Liverpool’s defensive line only seems to be put under the microscope after multiple goals are conceded in a single game. It’s an easy target for over the top, reactionary analysis. There was no real mention of it last season when the Reds conceded 17 goals in 27 Premier League matches. An average of 0.62 goals against per 90 which equates to 24 over the entirety of a Premier League campaign.
In those matches, the champions conceded two or more on just two occasions, despite playing the now infamous high line throughout.
Post-lockdown, as expected, the team took their foot off the gas a little. Mistakes crept into their game and, because of this, it was easier for the opposition to find a way past Alisson.
Instead of acknowledging this as the reason, the finger was pointed at the defensive line and you started to hear people saying things like ‘maybe they need to drop back ten yards’ and ‘it’s been an accident waiting to happen for some time’. You know, reactionary, unfounded statements.
The 2019/20 campaign started off in a similar manner, with the Reds conceding soft goals. Leeds scored three at Anfield and afterwards, talk centred around the defensive line. Liverpool then dealt reasonably well with Chelsea and Arsenal before that game against Aston Villa. People are now looking to rewrite history to suggest the line has been an issue in all four of the games. It hasn’t, not really.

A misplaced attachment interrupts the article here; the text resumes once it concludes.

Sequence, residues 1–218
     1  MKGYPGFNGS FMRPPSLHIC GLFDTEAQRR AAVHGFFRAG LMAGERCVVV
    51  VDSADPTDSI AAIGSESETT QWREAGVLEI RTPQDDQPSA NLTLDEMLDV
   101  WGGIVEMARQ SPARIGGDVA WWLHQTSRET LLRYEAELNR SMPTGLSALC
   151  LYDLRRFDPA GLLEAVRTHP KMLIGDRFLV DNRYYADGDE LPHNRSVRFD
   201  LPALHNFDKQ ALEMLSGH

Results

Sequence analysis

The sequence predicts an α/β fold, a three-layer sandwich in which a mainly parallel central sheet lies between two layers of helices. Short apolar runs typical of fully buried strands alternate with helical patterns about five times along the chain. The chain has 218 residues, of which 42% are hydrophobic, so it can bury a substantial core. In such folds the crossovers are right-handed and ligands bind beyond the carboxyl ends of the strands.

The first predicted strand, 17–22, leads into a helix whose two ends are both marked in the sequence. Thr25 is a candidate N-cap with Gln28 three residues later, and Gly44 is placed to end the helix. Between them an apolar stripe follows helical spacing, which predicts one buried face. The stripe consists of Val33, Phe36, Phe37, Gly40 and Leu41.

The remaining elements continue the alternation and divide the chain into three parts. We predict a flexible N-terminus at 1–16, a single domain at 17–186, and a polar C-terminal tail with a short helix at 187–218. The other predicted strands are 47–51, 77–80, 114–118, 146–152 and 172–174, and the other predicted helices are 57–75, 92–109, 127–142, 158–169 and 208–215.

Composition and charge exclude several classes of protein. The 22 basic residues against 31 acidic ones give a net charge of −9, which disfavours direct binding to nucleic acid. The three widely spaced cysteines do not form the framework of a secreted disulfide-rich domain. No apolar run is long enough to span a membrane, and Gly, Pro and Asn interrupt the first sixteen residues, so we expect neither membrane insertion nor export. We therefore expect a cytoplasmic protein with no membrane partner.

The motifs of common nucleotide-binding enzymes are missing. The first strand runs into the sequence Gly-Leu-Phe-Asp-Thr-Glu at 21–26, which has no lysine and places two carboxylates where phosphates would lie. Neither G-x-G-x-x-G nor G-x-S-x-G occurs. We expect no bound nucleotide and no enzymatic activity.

However, Leeds and Villa did have a clear tactic in mind to create favourable scenarios and they executed this plan to perfection.
This is one way to nullify the Liverpool press and exploit their high defensive line. Keep players high and wide, hit long balls to them and have runners from deep. pic.twitter.com/QpLmRoarhH
— Sam McGuire (@SamMcGuire90) October 5, 2020
What both sides looked to do was bypass the midfield but instead of playing the ball directly over the top, they’d play long balls to the wide players and look to isolate Liverpool players in areas they don’t want to be in. Then, with the centre-backs unable to play for the offside, teams would have commit runners from deep to attack the space. And this is why the high line looked so ragged in those games. Villa and Leeds weren’t looking to directly play the first ball into space.
You see it in the still above. Kalvin Phillips, under no pressure, picked out Jack Harrison on Liverpool’s right side. Given he would’ve been onside, Trent Alexander-Arnold has had to track him and this has created the scenario we now see above. Virgil van Dijk is having to sprint back to keep Patrick Bamford from having acres of space to run into unchallenged while Joe Gomez is having to scramble back to cover for Alexander-Arnold.
If Leeds had tried to clip a ball over the top for Bamford to chase, it’s likely Liverpool would’ve been able to catch him offside.
It’s not too dissimilar to what happened against Villa. The hosts doubled up on the Liverpool right and looked to win the second ball off a goal kick. However, Gomez misjudged the flight of it and Grealish was able to bring it down. Van Dijk is forced to cover for his centre-back partner and this creates space in central zones for midfield runners to attack. This had nothing to do with a high defensive line. Villa gambled and had a bit of luck with Gomez missing his header. But it again stemmed from a long ball into a wide area instead of over the top.
Liverpool need to work out a way to ensure their players aren’t isolated in those areas, especially against teams willing to commit men forward. What they don’t have to do is change their entire system. Their high line is one of the reasons they’ve been so successful.